There are currently 439 nuclear power reactors operational in 30 countries worldwide. This accounts for 14% of the total power generation of the world. The International Atomic Energy Agency (IAEA) expects the global nuclear power generation capacity to increase from the current 372 gigawatts (GW) to 437–542 GW by 2020 and to 473–748 GW by 2030. 

However, for nuclear power to emerge as a reliable and clean source of energy, several challenges need to be addressed. Some of these include improvement in economic competitiveness, designing safe and reliable nuclear power plants, management of spent fuel and disposal of radioactive waste, developing adequate skilled workforce, ensuring public confidence in nuclear power, and ensuring nuclear non-proliferation and security.  

 

- The Nuclear Fuel Cycle


The Nuclear Fuel Cycle
(The Nuclear Fuel Cycle - World Nuclear Association)
  • The nuclear fuel cycle is a series of industrial processes that involve the production of electricity from uranium in nuclear power reactors.
  • Uranium is a relatively common element found all over the world. It is mined in many countries and must be processed to be used as fuel for nuclear reactors.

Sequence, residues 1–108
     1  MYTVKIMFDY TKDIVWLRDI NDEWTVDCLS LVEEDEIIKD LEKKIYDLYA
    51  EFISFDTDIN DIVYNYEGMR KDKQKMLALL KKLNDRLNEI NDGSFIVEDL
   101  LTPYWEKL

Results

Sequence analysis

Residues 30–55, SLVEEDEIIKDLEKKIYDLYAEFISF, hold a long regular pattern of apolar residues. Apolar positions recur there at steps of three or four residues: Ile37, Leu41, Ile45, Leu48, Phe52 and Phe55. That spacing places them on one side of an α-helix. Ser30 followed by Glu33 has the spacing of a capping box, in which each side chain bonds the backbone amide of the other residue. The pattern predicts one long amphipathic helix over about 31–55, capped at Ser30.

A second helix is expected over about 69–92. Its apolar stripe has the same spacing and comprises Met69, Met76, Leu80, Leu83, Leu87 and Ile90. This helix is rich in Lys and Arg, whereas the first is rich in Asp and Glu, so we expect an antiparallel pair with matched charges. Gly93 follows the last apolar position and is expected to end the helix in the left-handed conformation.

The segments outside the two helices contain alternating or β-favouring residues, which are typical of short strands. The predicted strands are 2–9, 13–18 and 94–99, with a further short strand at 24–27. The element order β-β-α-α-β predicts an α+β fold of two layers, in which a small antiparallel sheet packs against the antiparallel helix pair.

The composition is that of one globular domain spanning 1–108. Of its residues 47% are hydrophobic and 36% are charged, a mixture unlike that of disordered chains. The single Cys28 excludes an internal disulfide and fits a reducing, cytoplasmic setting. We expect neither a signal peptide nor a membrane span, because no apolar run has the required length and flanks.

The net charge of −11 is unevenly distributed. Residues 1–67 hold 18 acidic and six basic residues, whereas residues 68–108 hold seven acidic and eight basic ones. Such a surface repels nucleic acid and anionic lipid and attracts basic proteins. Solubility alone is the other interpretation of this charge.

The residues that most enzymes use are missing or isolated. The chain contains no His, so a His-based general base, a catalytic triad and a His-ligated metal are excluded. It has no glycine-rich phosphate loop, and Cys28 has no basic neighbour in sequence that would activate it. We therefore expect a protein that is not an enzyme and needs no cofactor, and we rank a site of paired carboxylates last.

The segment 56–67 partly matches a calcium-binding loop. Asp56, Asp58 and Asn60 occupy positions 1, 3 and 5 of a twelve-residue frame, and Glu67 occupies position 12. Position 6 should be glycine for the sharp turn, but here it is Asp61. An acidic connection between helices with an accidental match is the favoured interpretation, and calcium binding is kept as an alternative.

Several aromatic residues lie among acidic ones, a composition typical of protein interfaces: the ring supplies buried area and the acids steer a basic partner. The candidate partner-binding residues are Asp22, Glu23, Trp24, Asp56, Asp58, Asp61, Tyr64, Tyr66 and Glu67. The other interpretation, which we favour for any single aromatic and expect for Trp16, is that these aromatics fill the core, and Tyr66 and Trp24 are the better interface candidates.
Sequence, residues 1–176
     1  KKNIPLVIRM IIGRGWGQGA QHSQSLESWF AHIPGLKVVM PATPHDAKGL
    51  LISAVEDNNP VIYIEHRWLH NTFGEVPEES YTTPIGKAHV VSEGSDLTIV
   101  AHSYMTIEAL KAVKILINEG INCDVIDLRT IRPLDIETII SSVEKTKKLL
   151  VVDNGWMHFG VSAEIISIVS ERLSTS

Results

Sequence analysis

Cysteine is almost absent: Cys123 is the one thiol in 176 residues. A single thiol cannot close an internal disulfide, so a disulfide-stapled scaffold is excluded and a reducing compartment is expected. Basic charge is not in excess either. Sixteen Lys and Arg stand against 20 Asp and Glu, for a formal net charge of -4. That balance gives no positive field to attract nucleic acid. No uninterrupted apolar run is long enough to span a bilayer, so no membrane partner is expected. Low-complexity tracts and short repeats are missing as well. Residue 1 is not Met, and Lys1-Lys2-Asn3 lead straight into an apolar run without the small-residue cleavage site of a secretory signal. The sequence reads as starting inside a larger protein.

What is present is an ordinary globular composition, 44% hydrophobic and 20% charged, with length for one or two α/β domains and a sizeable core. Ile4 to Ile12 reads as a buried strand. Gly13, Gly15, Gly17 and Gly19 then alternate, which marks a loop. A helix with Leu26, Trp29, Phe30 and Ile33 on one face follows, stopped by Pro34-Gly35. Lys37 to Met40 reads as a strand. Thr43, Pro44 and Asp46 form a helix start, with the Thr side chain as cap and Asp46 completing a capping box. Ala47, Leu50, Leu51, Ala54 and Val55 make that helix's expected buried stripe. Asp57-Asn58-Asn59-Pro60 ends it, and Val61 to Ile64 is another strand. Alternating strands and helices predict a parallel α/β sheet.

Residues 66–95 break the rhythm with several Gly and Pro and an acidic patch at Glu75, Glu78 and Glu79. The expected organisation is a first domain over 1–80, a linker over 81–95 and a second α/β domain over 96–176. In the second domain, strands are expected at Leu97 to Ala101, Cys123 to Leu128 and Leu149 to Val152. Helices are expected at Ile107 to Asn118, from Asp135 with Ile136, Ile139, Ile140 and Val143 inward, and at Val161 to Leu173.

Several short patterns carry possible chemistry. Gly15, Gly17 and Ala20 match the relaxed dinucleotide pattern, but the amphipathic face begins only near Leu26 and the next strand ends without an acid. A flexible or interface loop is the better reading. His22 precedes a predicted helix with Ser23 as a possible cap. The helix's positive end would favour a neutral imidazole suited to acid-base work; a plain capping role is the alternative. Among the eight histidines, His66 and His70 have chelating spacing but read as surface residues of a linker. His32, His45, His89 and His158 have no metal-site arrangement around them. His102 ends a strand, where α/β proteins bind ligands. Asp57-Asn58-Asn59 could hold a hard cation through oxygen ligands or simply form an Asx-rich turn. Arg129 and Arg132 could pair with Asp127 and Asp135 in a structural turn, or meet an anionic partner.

• Fuel taken from the reactor, at the end of its useful life, can be reprocessed so that most of the fuel can be recycled for new fuel.


The various activities associated with generating electricity from nuclear reactions are collectively referred to as the nuclear fuel cycle. The nuclear fuel cycle begins with the mining of uranium and ends with the disposal of nuclear waste. With the reprocessing of spent fuel as an option for nuclear energy, these stages form a true cycle. 

To prepare uranium for use in nuclear reactors, it goes through the steps of mining and grinding, conversion, enrichment, and fuel fabrication. These steps constitute the "front end" of the nuclear fuel cycle. 

After the uranium is used in the reactor to generate electricity for about three years, the spent fuel may go through a series of further steps, including interim storage, reprocessing and recycling, before disposal of waste. These steps are collectively referred to as the "back end" of the fuel cycle.

 

- Nuclear Waste Storage

Next to climate change, nuclear waste storage is one of the biggest generation-spanning issues facing the world. The stakes are high; world powers like the US and the U.K get a fifth of their power from nuclear plants, while in France the share is 40 percent. This reliance makes the need for safe and sustinable storage obvious.

The Onkalo spent nuclear fuel repository is a deep geological repository for the final disposal of spent nuclear fuel, the first such repository in the world. It is currently under construction at the Olkiluoto Nuclear Power Plant in the municipality of Eurajoki, on the west coast of Finland, by the company Posiva. It is based on the KBS-3 method of nuclear waste burial developed in Sweden by Svensk Kärnbränslehantering AB (SKB).

 
 

[More to come ...]

Document Actions